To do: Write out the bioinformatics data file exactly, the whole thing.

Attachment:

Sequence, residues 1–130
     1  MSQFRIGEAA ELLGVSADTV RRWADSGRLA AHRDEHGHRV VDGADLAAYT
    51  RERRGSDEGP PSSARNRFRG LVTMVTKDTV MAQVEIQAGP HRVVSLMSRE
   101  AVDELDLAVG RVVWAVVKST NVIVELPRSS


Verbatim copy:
Sequence, residues 1–130
     1  MSQFRIGEAA ELLGVSADTV RRWADSGRLA AHRDEHGHRV VDGADLAAYT
    51  RERRGSDEGP PSSARNRFRG LVTMVTKDTV MAQVEIQAGP HRVVSLMSRE
   101  AVDELDLAVG RVVWAVVKST NVIVELPRSS